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Dante's Peak Gives Us a Front Row Seat for a Volcanic Eruption
by Gary Johnson

Go to:
The official Web site for Dante's Peak.

[rating: 2 of 4 stars]
Thanks to last summer's blockbuster Twister, a new batch of disaster movies looms on the horizon. I'm not talking about anachronistic, old-style disaster movies like Daylight with clumsy dramatics and goofy premises. I'm talking about special effects extravaganzas like no one could have imagined just twenty years ago.

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Now, thanks to computer technology, Hollywood can serve up practically anything the writers and directors can imagine. We've seen towering dinosaurs in Jurassic Park and terrifying tornadoes in Twister; now we can experience the most destructive force in nature, a volcanic eruption, thanks to Dante's Peak.

So let's just cut to the heart of the matter: the special effects. I could talk about the plot (which gives us Pierce Brosnan as a volcanologist investigating an awakening volcano in the idyllic community of Dante's Peak), but it doesn't amount to much. This movie is all about special effects (and anyone who thinks it's about the budding romance between Brosnan and Linda Hamilton as the mayor of Dante's Peak, well, I'd like to talk to you about some swamp land I own in Louisiana). This movie exists for one reason: to give us scenes of destruction beyond anything we could imagine.

Pierce Brosnan and Linda Hamilton in Dante's Peak.

(©1997 Universal Pictures)

And because it takes so long to get to the big eruption, the filmmakers give us an immediate sneak peek at the horrifying power of an eruption. The opening, pre-credits sequence shows Brosnan in the midst of a volcanic eruption, trying to get out of a small South American village as rock fragments hail down on his head. After giving us this quick taste of what's to come later in the movie, the movie shifts into low gear. The next hour plus of the movie is fairly conventional stuff. It even evokes some similarities to Jaws as it kills off a couple skinny dippers and then has the town counsel arguing about land values plummeting if word spreads about their volcano.

In order to keep everyone in Dante's Peak and be assured of mass confusion when the volcano finally starts to rumble, the filmmakers give us a volcano that just explodes all of a sudden. (Brosnan was the only one who saw the signs.) As a result, the movie misses out on the truly scary pre-eruption symptoms, such as when the sides of a volcano start to bulge. Instead, the filmmakers give us a few cheap shocks, such as a small tremor when the scientists are exploring the volcano's crater or a hot spring that suddenly hits boiling point and scalds to death a couple of bathers.

Pierce Brosnan and Linda Hamilton in Dante's Peak.

(©1997 Universal Pictures)

The special effects leading up to the big explosion are pretty standard stuff: earthquakes twist bridges and send store fronts crashing to the street, while a spooky grey ash falls like a blizzard and coats everything in a thick blanket. These scenes set the stage, but that's all they do. They're just foreplay, for the real reason the movie exists is to capture on film the unimaginably destructive force of the volcanic blast itself.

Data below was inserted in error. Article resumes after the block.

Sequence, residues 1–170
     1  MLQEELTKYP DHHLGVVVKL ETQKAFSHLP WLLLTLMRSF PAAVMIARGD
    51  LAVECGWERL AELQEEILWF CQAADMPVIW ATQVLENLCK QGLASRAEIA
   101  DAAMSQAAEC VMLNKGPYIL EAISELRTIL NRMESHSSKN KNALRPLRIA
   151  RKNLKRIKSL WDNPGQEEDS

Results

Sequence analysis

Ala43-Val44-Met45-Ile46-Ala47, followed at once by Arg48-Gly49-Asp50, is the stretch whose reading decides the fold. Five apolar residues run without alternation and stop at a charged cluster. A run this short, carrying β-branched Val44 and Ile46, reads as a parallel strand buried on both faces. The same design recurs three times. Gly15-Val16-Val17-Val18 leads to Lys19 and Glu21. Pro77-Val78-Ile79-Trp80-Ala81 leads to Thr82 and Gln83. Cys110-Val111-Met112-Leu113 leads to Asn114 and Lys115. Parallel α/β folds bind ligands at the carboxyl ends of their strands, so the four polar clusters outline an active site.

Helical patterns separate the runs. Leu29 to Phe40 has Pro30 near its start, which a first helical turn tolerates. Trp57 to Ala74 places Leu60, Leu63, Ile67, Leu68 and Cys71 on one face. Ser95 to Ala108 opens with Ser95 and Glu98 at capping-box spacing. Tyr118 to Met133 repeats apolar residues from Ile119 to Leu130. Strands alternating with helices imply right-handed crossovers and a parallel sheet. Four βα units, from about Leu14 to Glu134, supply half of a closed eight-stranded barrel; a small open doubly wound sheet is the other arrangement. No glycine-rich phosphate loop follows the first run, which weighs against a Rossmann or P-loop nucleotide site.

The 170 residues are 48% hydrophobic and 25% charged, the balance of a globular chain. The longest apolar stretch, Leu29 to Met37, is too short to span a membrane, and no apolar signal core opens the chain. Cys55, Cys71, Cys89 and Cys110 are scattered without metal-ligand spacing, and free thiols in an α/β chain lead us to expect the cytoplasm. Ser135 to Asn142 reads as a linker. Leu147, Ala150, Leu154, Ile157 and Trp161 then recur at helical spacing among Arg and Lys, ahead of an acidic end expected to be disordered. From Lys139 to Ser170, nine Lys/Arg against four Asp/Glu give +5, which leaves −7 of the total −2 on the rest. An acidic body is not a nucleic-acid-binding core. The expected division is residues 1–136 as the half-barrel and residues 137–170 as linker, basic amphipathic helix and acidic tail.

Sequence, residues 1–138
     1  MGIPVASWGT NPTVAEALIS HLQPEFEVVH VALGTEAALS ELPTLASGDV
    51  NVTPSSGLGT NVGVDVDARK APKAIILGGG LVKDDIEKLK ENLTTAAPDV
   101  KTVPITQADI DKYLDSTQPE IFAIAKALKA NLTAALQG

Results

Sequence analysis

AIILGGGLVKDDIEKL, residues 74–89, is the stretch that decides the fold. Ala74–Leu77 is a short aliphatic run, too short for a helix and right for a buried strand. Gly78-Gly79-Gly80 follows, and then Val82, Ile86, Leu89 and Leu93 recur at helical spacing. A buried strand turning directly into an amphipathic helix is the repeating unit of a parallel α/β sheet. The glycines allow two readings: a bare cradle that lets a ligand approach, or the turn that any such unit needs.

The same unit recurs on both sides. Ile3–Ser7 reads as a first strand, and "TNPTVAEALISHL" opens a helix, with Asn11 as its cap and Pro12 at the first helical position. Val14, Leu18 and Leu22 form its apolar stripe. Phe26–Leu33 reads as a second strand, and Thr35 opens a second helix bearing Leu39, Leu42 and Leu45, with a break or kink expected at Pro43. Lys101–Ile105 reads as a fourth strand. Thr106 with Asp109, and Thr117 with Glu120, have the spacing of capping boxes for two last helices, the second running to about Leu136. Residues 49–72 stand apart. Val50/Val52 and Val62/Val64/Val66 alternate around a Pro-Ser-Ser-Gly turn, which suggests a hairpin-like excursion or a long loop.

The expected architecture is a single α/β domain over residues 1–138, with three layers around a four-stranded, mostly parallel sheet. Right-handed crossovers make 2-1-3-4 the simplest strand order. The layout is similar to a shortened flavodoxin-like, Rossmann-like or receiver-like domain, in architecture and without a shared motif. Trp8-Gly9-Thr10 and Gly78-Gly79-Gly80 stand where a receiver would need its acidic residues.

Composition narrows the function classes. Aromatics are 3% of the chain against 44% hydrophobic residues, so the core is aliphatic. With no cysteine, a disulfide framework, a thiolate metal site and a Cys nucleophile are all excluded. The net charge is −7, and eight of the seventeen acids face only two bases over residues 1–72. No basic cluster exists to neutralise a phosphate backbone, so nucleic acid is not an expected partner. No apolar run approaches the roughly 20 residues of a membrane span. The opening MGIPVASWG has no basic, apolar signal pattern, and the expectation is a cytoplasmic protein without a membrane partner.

This is when the digitized computer images take over as a huge pyroclastic cloud of super hot gases, ash, and rock fragments blasts down the volcano slopes at speeds over 100 miles per hour, flattening entire forests and everything else in its path. These scenes, with Brosnan and Hamilton trying to outdrive the explosion, are truly stunning. We see the town literally ripped into splinters. But the explosion scene itself actually only amounts to just a couple minutes of screen time. Everything before the big explosion is just so-so foreplay. Other than the actual volcanic explosions themselves, little in this movie really uses Twister or Jurassic Park-styled computerized special effects. The special effects are big in scope, but for the most part, they're the same type of work that you'll find in Hollywood productions leading back to the earthquake scenes in San Francisco (1936) and the Chicago Fire in In Old Chicago (1938).

The real reason to see Dante's Peak is for the big explosion itself. Nothing like it has even been captured on film before. But the rest of the movie creaks through overly familiar terrain: nobody believes poor Pierce about the imminent explosion (except for Hamilton, but she's smitten). Not even his boss believes him. How can he convince them? What can he do? Ho-hum.

A Universal Pictures Production


Harry DaltonPierce Brosnan
Rachel WandoLinda Hamilton
Lauren WandoJamie Renee Smith
Graham WandoJeremy Foley
RuthElizabeth Hoffman
Paul DreyfusCharles Hallahan
GregGrant Heslov
Terry FurlongKirk Trutner
NancyArabella Field
StanTzi Ma
Directed byRoger Donaldson
Produced byGale Anne Hurd
Joseph M. Singer
Executive ProducerIlona Herzberg
Co-ProducerMarliese Schneider
ScreenwritersLeslie Bohem
Director of PhotographyAndrzej Bartkowiak
Production DesignerDennis Washington
Costume DesignerIsis Mussenden
Film EditorHoward Smith
Conrad Buff
Tina Hirsch
Theme byJames Newton Howard
Music byJohn Frizzell
Visual Effects SupervisorPatrick McClung
Associate ProducerGeoff Murphy
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